Meet the staff behind True West Magazine!
(Pictured above) Lynda A. Sánchez, Age 6, 1951
Lynda is shown working with her father, Joe Carithers, on a corral near Arizona’s Tucson Mountain Park, where her father worked as superintendent. One of the last members of the cavalry trained at Fort Riley in Kansas in 1944, Joe instilled in his children a love of history and the wild outdoors. “I always loved history, but I became interested in writing history when I worked with Eve Ball in 1973,” says Lynda, who lives on a ranch along the Rio Bonito in historic Lincoln, New Mexico. “I published my first article in True West in 1978, about Geronimo’s wives. Since then, I have published six books and more than 350 articles.”
Henry C. Parke, age 6, 1960
“As a Brooklyn-born kid, I remember being taken to Dodge City, Kansas, visiting my first Boot Hill and eating a breakfast steak at Miss Kitty’s Restaurant, which was full of pictures of Amanda Blake, who I was crazy about. The summer that I turned 13, we spent nine days shooting rapids on the Colorado River on a rubber raft. Just before we left, The River of No Return played on TV, and all my friends were convinced that if I didn’t drown, I’d be scalped by Indians,” recalls Henry, True West’s Westerns film editor, whose first True West article was “The Films of Pancho Villa,” published in April 2015.
Robert Ray, age 4, 1964
”I had an Uncle Charlie, who wasn’t really my uncle. He bought me the hat I’m wearing here and took me gold panning in the Superstitions.” Born in Winchester, Massachusetts, Robert cut his teeth in the printing business at the Mesa Tribune and joined the True West staff in 1999. In addition to running the magazine’s production department, Robert helps produce all of our True West books.
Tom Jonas, age 6, 1956
“I got interested in history because of its relationship to geography—I have always loved maps. I was curious about how the first Europeans got to Arizona and what they saw at the time. I began seeing True West Magazine when I became involved in historical associations and their gatherings. It has been a great way to fill in the gaps in my knowledge of historical people and events,” says Tom, a mapmaker who anchored our coverage on the Geronimo surrender and the C.S. Fly photos in our July 2017 issue.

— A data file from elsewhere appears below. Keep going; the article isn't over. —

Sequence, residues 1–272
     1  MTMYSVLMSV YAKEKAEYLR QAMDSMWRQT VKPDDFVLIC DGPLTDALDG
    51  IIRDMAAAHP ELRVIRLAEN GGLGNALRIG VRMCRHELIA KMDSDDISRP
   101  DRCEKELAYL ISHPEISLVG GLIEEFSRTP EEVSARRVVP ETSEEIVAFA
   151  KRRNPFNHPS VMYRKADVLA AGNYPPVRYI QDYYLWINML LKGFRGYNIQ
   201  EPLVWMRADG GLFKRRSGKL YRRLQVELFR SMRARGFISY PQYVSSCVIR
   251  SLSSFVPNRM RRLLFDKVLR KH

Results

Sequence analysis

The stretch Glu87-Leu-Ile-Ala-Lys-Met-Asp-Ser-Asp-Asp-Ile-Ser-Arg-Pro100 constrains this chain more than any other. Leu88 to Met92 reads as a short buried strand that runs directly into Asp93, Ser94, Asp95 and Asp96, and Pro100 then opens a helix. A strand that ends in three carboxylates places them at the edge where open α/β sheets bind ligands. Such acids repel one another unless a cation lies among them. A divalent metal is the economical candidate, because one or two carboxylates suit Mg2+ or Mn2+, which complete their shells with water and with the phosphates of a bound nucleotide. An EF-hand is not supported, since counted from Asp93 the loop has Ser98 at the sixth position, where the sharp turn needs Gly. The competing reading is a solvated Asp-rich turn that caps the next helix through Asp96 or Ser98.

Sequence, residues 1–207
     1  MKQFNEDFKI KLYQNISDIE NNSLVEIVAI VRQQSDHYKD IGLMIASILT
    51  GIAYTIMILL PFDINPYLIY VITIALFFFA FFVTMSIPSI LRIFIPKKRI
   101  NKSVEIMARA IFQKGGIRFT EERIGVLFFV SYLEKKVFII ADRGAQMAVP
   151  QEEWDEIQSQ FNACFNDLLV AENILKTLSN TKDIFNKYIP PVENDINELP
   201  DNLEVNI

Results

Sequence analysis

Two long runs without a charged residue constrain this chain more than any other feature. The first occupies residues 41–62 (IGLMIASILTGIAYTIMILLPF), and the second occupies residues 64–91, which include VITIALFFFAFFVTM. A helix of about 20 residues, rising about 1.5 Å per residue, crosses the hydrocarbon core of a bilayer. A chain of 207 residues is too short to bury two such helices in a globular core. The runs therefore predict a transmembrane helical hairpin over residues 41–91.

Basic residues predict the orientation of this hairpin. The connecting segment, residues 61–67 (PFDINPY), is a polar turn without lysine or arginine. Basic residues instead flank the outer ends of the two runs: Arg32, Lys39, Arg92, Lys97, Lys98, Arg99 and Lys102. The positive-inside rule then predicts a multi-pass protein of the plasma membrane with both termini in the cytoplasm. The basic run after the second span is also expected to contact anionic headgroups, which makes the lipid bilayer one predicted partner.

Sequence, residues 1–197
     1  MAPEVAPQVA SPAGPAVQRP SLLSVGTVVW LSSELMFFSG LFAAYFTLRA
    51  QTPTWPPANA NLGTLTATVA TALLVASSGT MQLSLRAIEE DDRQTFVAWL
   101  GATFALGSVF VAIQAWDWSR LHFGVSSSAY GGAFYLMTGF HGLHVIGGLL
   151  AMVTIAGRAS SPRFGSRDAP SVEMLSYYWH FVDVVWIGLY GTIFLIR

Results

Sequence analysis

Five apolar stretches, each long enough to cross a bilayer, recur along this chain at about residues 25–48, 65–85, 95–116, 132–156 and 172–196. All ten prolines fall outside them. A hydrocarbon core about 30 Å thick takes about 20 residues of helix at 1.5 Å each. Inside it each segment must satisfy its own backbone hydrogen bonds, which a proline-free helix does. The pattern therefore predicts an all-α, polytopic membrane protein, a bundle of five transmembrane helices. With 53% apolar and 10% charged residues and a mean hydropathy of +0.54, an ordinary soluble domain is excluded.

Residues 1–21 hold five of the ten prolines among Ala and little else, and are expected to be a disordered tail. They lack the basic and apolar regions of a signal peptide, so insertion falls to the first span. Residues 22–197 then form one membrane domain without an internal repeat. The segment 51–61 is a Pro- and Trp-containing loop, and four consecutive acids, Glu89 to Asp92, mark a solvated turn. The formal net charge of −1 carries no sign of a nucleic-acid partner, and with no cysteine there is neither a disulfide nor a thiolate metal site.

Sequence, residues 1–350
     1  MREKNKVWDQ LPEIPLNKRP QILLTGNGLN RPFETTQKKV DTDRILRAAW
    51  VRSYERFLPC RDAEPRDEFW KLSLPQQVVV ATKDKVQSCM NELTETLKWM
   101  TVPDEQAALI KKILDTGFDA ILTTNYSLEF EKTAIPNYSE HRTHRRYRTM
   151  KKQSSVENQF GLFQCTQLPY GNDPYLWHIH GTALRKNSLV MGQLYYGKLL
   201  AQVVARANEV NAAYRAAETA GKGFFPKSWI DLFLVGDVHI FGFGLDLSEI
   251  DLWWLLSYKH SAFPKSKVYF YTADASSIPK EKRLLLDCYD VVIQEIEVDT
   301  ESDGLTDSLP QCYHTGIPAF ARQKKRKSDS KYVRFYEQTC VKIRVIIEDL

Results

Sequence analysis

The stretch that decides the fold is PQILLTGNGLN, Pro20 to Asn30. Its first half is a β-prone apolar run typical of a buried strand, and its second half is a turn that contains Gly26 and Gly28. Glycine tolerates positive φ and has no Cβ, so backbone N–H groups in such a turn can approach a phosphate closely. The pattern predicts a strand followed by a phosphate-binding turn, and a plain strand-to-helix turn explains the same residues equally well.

Stuart Rosebrook, age 8, 1971
“My interest in Old West history cannot be separated from my earliest memories growing up in the center of television and film production in North Hollywood, California, and quarterly family trips to Arizona, which included spending part of every summer, from the age of five, riding horses and hiking all over the Orme School’s Quarter Circle V Bar Ranch Camp near Mayer, Arizona,” says Stuart, who began working as the book editor and senior editor for True West in 2013.
Sherry Monahan, age 4, 1966
“My dad loved all classic Westerns, and he wore cowboy boots, a Stetson, bolo neckties and a big ol’ belt buckle—all in New Jersey! I believe his influence helped shape my interest,” Sherry admits. “I visited Tombstone, Arizona, during the early 1990s and became hooked on Western history. I still have my very first check and letter from True West, framed in my office today—it’s dated July 3, 1997. The 65th anniversary marks my 10th anniversary writing my Frontier Fare column!”
Marshall Trimble, age 7, 1946
“I’ve always liked Western history, but decided to make it a career in 1968, while working on a cattle roundup along the Tongue River, south of Miles City, Montana. Afterwards, my brother, Dan, his wife, Mary, and I were heading to Fort Collins, Colorado, where he was a vet student. We stopped in Hardin, Montana, for the night and visited a local museum where an elderly lady regaled us with stories of ‘Custer’s Last Stand.’ I was riveted. She suggested, ‘Why don’t you go see it? It’s not far from here.’ The next morning, as we drove to the site of the battle, it started to rain and the clouds closed in. I wandered off by myself. It was so still and quiet. Nobody was around, but I could feel the mysterious presence of something beckoning me. The battlefield was enchanting. I was hooked. When we got in the truck to leave, I declared, ‘I’m going to be a Western historian.’” Appointed Arizona State Historian in 1997, Marshall Trimble answers questions about the Old West from readers all over the world in our Ask the Marshall column.
Fred Nolan, age 3, 1934
“When I was 19, I suffered an injury and was laid up for a long while, and I began to read. I found a reissue of Walter Noble Burns’s book The Saga of Billy the Kid, and I became fascinated by the story,” says Fred, who not only located John Henry Tunstall’s birth certificate, but also found and spoke to Tunstall’s 82-year-old sister Mabel. Fred went on to write the definitive book on Tunstall, and he has since written numerous books on the Lincoln County War and Billy the Kid. He is considered one of the foremost authorities on the life and times of the Kid. He lives with his wife, Heidi, in Chalfont St. Giles, England. When he visits the colonies, we all rock out!
Linda Wommack, Age 7, 1965